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A “black, lesbian, mother, warrior, poet.” That was how Audre Lorde described herself. Lorde devoted her life and her artistic talent to dealing with and responding to the injustices of racism, sexism, and homophobia.
Critics would often say that her writing rang with passion, honesty, understanding, and depth of feeling. She was always worried about how modern society tends to distinguish and categorize people.
So, she made it a mission to fight against the marginalization of categories like “lesbian” and “black.” As a result, she empowered and motivated her readers to respond to the biases in their own lives.
Highlights of Her School Years
Born on February 18, 1934 in New York City, Audrey Geraldine Lorde was the youngest of three daughters. She chose to remove the ‘y’ from her first name when she was a kid due to artistic symmetry. Her parents, Frederick Byron Lorde and Linda Gertrude Belmar Lorde, were immigrants from the West Indies.
Lorde’s relationship with her parents was already complicated since she was a child. They spent very little time together as both were busy with the family real estate business. When she did spend time with them, they were emotionally distant.
Her difficult relationship with her mother was evidently featured in her later poems. At one point, Lorde described her mother having a deep suspicion of people with darker skin than hers. As it came to be, Lorde inherited her father’s dark-skinned complexion. Her mother, she said, was known for delivering tough love and had a rigid devotion to family rules.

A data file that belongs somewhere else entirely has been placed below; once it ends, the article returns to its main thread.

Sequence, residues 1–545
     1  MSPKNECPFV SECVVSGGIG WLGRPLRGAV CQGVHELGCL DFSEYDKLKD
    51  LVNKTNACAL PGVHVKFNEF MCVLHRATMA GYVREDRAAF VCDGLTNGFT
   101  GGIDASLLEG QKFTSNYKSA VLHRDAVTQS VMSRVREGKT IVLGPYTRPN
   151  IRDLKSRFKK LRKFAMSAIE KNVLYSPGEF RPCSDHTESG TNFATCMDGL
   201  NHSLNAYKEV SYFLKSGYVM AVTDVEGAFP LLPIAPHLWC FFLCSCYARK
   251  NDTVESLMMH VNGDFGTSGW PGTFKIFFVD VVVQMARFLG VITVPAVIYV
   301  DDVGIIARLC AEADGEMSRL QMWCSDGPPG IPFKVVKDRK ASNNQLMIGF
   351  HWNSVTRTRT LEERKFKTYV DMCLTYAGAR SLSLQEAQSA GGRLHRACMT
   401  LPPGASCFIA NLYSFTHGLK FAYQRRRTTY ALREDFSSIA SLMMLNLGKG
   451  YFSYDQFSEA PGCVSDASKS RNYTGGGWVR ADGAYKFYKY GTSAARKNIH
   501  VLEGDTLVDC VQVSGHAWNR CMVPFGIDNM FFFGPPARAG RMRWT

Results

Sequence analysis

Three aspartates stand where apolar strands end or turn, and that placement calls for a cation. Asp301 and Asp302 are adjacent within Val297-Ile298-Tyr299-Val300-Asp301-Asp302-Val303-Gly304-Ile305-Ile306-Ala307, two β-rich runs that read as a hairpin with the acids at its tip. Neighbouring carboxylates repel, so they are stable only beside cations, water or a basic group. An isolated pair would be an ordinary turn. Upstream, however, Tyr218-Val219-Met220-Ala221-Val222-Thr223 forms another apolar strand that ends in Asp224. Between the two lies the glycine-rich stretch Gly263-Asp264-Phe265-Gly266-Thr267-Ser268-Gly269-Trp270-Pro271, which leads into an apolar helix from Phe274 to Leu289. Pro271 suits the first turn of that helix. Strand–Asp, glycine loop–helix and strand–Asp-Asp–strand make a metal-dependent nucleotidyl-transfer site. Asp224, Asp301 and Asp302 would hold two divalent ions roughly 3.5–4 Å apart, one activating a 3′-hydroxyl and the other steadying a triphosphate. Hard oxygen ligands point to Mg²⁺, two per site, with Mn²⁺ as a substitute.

As a child, Lorde suffered from extreme nearsightedness to the point of being legally blind.She didn’t talk until she was four. About that time, Lorde’s mother also taught her how to read and write. Because she struggled with communication, Lorde found power and appreciation of poetry as a kind of expression.
When Lorde started to communicate, she would often answer questions and concerns with poems that she’d memorized. At age 12, the limited resources from where she can read poems pushed her to create her own verses.
Lorde went to Hunter College High School, a school renowned for its intellectually gifted students. While in school, her first poem was published in Seventeen magazine after Hunter’s school paper turned it down for being too romantic. The poem has an homage to her first love. Also in high school, Lorde took part in poetry courses funded by the Harlem Writers Guild.
In 1954, Lorde spent a year at the National University of Mexico. She described that period as her time of acceptance and rebirth. During that pivotal year, she identified her real self on both personal and artistic levels. She was a lesbian and a poet.
When she returned to New York, Lorde enrolled at Hunter College. She graduated with the class of 1959. She divided her time attending classes, working as a librarian, and continuing her writing. She also became an active participant in the gay community in Greenwich Village. In 1961, she earned her master’s degree in library science at Columbia University, where she opted to further her education.